Supermicro themselves vehemently refute the Bloomberg story and they certainly wouldn't do that it it was true as in that case it would be undeniable:

https://www.supermicro.com/newsroom/pressreleases/2018/press181004_Bloomberg.cfm

Quote

SAN JOSE, Calif., October 4, 2018 — Super Micro Computer, Inc. (SMCI), a global leader in enterprise computing, storage, networking solutions and green computing technology, strongly refutes reports that servers it sold to customers contained malicious microchips in the motherboards of those systems.

In an article today, it is alleged that Supermicro motherboards sold to certain customers contained malicious chips on its motherboards in 2015. Supermicro has never found any malicious chips, nor been informed by any customer that such chips have been found.

Each company mentioned in the article (Supermicro, Apple, Amazon and Elemental) has issued strong statements denying the claims:

Apple stated on CNBC, “We are deeply disappointed that in their dealings with us, Bloomberg's reporters have not been open to the possibility that they or their sources might be wrong or misinformed. Our best guess is that they are confusing their story with a previously reported 2016 incident in which we discovered an infected driver on a single Supermicro server in one of our labs. That one-time event was determined to be accidental and not a targeted attack against Apple."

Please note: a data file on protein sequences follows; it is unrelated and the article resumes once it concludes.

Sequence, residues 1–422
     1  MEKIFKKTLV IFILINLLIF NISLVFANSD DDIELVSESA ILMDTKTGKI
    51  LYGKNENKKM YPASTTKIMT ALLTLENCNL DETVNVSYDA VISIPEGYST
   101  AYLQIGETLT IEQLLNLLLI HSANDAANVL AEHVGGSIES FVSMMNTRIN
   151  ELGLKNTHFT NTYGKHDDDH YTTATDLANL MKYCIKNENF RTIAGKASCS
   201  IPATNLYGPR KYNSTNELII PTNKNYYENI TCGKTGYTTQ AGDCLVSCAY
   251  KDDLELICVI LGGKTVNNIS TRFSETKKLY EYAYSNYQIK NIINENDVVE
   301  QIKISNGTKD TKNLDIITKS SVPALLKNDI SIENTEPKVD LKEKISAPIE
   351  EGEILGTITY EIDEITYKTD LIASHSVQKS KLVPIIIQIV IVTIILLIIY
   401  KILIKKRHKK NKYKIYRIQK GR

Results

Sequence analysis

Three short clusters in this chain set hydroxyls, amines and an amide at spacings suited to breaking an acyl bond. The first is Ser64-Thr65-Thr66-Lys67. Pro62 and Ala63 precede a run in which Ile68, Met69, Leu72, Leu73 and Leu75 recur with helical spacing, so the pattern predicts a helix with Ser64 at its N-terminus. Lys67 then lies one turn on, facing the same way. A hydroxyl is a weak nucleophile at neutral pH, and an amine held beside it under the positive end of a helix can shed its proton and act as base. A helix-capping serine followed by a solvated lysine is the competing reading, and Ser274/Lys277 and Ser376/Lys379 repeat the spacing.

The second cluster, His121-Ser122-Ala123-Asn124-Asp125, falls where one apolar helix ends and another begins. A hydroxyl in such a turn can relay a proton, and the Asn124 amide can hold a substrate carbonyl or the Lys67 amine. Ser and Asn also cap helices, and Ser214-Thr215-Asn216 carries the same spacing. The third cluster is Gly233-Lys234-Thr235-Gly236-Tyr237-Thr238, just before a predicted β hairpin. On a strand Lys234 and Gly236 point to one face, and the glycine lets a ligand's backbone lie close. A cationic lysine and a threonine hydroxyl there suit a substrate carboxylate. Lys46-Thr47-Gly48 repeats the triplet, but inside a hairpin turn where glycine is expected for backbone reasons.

Steve Schmidt, Chief Information Security Officer at Amazon Web Services stated, "As we shared with Bloomberg BusinessWeek multiple times over the last couple months, at no time, past or present, have we ever found any issues relating to modified hardware or malicious chips in Supermicro motherboards in any Elemental or Amazon systems.‎" 

Supermicro has never been contacted by any government agencies either domestic or foreign regarding the alleged claims.